Standard Honors Arlington Service
Photo Only

Starting from the Administration Building at Arlington National Cemetery.

Arlington Media specializes in covering Arlington services. We use multiple cameras dispersed around the service to capture every aspect of a Standard Honors service.

What We Do - Photo

We shoot with at least two Nikon or Canon professional cameras and large lenses. We always shoot RAW and convert your photos to JPEGs for delivery. Historically, we shoot on average 438 photos at a service – sometimes more, sometimes less owing to the unique nature of each service.

We treat these services like they are news events, documenting every aspect of the service.

What is Included - Photo

We will provide you with more than 200 high-resolution photographs on one of the following:

  • Five years Online private photo storage

Additional USBs are $60 each. A copyright transfer is included

A custom printed personalized photo DVD-ROM data disc is available for $95.00

Photo DVD-ROM disc and USB thumb drive will NOT be copy protected, so you can make your own copies.

What We Do - Photo Albums

Photo albums in two different sizes are available as an add-on starting at $150.00 for the first book and starting at $100.00 for each additional book.

Arlington media book 2020 | Arlington media, inc.
(L) Mini (7x7 inches), (C) Large (13x10 inches), and (R) Standard (10x8 inches) sized books are also available

Standard Honors

Standard Honors Services are provided for enlisted service members, WO-1 through CW-3, and O-1 through O-3, interred/inurned at Arlington National Cemetery will receive honors provided by the decedent’s branch of service.


Military Chaplain

A military chaplain may be scheduled by the cemetery staff, if requested, unless a family minister is desired and provided by the primary next of kin or the funeral home. 

A Casket Team

A casket is carried foot first, except for that of a clergyman which is carried headfirst. U.S. flags over military caskets are placed so that the blue field is at the head and over the shoulder of the deceased to symbolize service to the nation.  The casket is draped before it arrives for services and remains draped until the flag is folded graveside. The cap and sword of the deceased is never displayed atop a flag-draped casket (nothing touches the flag). Caskets are transported to the cemetery in a hearse or caisson.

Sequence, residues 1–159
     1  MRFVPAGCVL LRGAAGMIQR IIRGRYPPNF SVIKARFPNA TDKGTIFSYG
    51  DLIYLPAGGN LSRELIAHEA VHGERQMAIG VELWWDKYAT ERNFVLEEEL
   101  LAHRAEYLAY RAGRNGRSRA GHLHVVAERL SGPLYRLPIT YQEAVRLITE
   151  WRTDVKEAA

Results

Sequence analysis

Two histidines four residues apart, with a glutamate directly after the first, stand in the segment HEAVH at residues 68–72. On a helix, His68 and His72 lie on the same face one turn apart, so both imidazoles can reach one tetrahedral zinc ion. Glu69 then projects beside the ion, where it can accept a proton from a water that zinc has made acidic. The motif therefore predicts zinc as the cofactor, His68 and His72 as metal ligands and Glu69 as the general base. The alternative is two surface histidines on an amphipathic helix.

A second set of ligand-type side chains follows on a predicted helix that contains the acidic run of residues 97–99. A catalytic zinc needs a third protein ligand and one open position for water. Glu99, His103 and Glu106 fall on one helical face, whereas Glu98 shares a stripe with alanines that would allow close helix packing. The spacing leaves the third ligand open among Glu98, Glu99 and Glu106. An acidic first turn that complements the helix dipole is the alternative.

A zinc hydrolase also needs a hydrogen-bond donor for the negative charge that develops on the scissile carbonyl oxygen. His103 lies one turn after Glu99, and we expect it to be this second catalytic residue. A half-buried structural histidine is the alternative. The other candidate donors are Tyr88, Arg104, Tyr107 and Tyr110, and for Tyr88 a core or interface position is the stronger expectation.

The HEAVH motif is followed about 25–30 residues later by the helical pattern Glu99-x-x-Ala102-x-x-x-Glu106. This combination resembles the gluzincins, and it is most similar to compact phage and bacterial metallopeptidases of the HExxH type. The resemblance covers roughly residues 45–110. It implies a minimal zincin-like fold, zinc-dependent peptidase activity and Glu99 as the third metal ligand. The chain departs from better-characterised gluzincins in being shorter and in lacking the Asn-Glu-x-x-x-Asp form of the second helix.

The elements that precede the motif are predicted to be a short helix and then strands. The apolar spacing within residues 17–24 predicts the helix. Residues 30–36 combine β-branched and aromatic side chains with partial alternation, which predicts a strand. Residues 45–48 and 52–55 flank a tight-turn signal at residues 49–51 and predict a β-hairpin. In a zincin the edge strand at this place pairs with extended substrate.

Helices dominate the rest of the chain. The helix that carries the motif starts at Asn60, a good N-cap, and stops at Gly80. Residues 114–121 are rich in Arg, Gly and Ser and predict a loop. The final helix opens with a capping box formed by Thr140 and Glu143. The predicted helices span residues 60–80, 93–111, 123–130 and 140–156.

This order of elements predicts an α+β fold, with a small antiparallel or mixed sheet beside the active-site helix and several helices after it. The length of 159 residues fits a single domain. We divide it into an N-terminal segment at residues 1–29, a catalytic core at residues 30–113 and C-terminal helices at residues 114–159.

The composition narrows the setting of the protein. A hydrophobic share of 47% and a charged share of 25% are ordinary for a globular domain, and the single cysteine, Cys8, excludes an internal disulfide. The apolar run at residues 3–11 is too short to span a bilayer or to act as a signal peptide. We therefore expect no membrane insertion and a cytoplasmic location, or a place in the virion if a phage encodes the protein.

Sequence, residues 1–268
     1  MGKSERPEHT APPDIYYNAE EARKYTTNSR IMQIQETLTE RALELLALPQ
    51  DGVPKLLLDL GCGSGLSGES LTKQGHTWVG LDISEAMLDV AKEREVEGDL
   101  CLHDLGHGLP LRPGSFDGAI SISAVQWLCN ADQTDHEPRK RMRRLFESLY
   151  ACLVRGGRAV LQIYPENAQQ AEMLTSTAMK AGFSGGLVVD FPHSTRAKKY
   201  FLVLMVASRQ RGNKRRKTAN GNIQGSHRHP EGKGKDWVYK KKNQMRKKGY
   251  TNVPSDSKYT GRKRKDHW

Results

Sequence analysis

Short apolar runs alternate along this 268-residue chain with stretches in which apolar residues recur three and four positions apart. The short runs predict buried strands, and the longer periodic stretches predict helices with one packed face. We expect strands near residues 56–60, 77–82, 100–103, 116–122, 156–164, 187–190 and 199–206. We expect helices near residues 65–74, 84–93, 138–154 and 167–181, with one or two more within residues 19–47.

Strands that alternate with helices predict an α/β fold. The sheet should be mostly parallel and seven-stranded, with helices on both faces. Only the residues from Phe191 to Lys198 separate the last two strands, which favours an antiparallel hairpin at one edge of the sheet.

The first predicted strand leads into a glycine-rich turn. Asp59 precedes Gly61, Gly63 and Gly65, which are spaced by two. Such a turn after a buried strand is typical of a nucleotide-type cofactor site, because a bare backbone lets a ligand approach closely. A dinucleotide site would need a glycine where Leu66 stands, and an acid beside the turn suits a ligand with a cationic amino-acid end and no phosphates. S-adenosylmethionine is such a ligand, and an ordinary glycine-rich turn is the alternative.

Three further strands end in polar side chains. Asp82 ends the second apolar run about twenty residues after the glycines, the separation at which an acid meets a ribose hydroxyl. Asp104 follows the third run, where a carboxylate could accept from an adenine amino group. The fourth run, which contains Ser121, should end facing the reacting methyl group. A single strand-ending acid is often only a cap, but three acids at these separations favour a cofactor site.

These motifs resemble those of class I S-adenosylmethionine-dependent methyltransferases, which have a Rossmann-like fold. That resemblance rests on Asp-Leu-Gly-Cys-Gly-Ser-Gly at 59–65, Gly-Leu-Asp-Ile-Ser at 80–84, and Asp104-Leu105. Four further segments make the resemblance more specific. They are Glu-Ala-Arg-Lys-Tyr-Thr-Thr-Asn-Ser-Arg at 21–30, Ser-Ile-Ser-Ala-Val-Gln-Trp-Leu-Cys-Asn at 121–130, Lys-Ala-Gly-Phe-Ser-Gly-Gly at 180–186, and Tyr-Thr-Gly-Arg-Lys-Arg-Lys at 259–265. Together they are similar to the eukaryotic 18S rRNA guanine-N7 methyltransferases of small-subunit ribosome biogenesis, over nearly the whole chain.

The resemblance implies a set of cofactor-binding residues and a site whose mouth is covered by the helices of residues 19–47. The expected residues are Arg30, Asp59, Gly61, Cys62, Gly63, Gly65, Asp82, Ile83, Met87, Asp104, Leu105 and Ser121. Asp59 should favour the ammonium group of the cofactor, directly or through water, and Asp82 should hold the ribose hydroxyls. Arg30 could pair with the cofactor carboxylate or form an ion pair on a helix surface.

A Firing Party

The honors leader calls all honors participants to “present arms,” and commands the squad to fire their weapons in unison for a total of three volleys.  Military personnel and veterans solute facing the casket from the first volley to the last.

The tradition of three volleys comes from an old battlefield custom.  The two warring sides would cease hostilities in order to clear their dead from the battle ground. Firing three volleys meant that the dead had been properly cared for and that the side was ready to resume battle.

The Bugler

It is widely considered the most poignant moment of a military funeral. Again instead of facing the music it is appropriate to face the casket.  Military personnel salute from the first note to the last note fades, When the honor leader calls all honor participants to “order arms” and the Chaplin request mourners to be seated for the folding of the flag.

The American history of taps began during the Civil War when Union Army Capt. Robert Ellicombe discovered the body of his son on the battlefield.  The boy had been studying music in the south and without telling his father had enlisted in the Confederate Army.  In his uniform pocket was a series of musical notes composing a haunting melody.  The Union captain buried his Confederate Army son with a lone bugler playing the notes of taps.

Other Coverage Options

and Video

$ 1,445
  • Includes the following for photography:
  • Five years Online private photo storage
  • Includes the following for video:
  • Five Years Online private video link


$ 745
  • Includes the following:
  • Five years Online private video link